A small group of explorers stands beneath an open dome of night sky as pinpricks of starlight glitter against the expanse's dark blues and blacks. Each spot of light even seems to look much clearer from here—likely because the group is standing 9,157 feet above sea level. At the Stewart Observatory inside Mt. Lemmon SkyCenter at the mountain's summit, scientists guide visitors through the use of gear such as a 32-inch Schulman telescope—the state's largest public viewing telescope—to probe the far reaches of space to learn about celestial phenomena and take in magnified images of the universe just above.
Days and nights at the center bring a slew of learning experiences to budding astronomers. Accompanied by University of Arizona scientists, Discovery Days lead explorations of topics such as tree rings, hummingbirds, and meteorology, frequently beckoning students into the surrounding outdoors. During nightly SkyNights programming, groups summit Mt. Lemmon for a five-hour evening of dining and stargazing at the observatory. One-on-one time with heavenly bodies comes courtesy of Astronomer Nights, wherein site staffers grant singles or pairs lodging, private access to the Schulman telescope, and the chance to contribute directly to the field upon discovering a supernova, nebula, or handlebar mustache on the man in the moon.
Periodically, the scientific team also expounds on specific topics, such as digital celestial imaging, with the public in multiple-day workshops. Each participant builds on the Stewart Observatory's list of achievements since 1970, which include furthering infrared astronomy, surveying the moon for Apollo lunar landings, and searching for near-Earth asteroids.
Located on the University of Arizona’s campus, the Flandrau Science Center and Planetarium opens the eyes of all ages to the scientific wonders of our planet, solar system, and universe. The center houses a mineral collection that dates back to 1892, and now holds more than 26,000 specimens including meteorites and minerals from Arizona, Mexico, and elsewhere in the world. They also feature exhibits such as an exploration of Arizona’s Sky Islands—mountains that rise above the desert basins and shelter myriad plants, birds, and animals. Other exhibits include Mars: Up Close and Personal, which features a scale model of the red planet’s surface.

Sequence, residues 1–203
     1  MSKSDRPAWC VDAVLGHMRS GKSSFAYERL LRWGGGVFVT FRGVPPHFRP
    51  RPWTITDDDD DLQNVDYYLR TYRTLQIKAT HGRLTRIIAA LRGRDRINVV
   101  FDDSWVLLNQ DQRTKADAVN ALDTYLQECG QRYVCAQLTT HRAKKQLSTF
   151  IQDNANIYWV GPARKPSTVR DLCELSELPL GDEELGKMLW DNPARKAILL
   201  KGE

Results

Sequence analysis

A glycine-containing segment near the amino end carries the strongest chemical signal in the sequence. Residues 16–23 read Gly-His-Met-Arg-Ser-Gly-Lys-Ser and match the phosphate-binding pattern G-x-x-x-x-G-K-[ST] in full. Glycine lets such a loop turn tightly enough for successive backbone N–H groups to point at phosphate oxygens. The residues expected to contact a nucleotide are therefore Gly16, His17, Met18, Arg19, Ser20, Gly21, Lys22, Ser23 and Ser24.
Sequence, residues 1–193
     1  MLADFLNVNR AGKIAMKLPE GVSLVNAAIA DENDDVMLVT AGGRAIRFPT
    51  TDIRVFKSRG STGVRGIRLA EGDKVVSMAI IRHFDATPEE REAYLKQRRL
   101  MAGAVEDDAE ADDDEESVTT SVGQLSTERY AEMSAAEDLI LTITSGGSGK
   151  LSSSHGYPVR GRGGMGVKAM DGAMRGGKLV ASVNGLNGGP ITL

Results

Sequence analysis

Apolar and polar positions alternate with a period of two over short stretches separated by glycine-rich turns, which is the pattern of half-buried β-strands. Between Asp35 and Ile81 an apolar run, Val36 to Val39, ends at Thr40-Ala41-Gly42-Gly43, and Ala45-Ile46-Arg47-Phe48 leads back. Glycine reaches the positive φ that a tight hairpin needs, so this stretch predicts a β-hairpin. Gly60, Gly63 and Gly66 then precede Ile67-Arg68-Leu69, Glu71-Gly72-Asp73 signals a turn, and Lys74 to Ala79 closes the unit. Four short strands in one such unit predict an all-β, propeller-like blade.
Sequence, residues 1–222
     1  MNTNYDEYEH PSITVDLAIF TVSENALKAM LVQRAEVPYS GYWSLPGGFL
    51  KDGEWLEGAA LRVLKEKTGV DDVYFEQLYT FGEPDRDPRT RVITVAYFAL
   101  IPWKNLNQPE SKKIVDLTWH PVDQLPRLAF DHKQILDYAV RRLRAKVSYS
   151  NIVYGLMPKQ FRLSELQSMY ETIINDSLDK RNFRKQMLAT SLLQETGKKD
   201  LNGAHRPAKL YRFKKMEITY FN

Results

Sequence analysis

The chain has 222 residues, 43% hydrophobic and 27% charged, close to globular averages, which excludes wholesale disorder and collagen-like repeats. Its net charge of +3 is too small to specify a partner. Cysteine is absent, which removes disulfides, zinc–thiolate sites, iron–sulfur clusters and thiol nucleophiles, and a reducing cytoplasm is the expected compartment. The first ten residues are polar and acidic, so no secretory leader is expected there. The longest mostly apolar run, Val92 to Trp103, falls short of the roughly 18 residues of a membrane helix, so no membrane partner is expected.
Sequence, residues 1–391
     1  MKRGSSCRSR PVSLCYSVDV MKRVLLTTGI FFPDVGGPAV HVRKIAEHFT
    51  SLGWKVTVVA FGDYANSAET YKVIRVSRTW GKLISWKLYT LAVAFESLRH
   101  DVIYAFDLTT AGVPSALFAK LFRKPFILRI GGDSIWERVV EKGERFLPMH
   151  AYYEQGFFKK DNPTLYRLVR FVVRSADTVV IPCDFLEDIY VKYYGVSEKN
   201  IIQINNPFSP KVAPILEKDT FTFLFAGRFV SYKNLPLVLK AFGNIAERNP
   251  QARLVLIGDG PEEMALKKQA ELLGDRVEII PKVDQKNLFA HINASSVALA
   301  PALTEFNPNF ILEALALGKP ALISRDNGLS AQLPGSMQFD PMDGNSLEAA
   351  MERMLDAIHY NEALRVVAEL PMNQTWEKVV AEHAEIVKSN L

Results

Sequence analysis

Swim Girl, Inc. teaches young tadpoles a valuable life skill and athletic activity that will keep them in shape and out of sharks throughout their lives. Parents can be assured that swimmers will learn important water safety skills from pre-screened swim instructors, who are certified through the National Swim School Association in swim instruction, and the National Red Cross in CPR, first aid, lifeguarding, and giving world-class high-fives. All instructors boast State of Arizona Preschool Licensing, and each staff member receives an observation and evaluation every four-week session. Future Michael Phelps record-breakers are evaluated by age, physical size, strength, abilities, gill possession, and desire before being placed in one of 10 class levels that will nurture their Neptunian efforts. Students and parents receive regular progress reports and assessments, as well as an underwater photo and certificate of completion for each session. Please see the schedule to plan your progeny's life aquatic.
A nationally renowned tutoring program, Sylvan Learning utilizes a personalized tutoring approach to develop students of all ages and abilities into perceptive pupils. During the initial visit, children will partake in one subject test that highlights trouble areas and serves as a base line for future progress. An erudite educator then leads four one-hour tutoring sessions tailored to young minds' particular needs in subjects such as math, reading, writing, and the ethics of alligator wrestling. Fledgling polymaths can use their customized tutoring sessions to prepare for future algebra tests or fine-tune study skills to get a head start on memorizing next year’s phone book.
Admission is normally $18 for adults, $10 for children ages 6–17, and $14 for students and seniors over 55. Children under 5 are admitted for free. The museum is closed Tuesday and Wednesday. Click here for a schedule of Science Downtown's hours.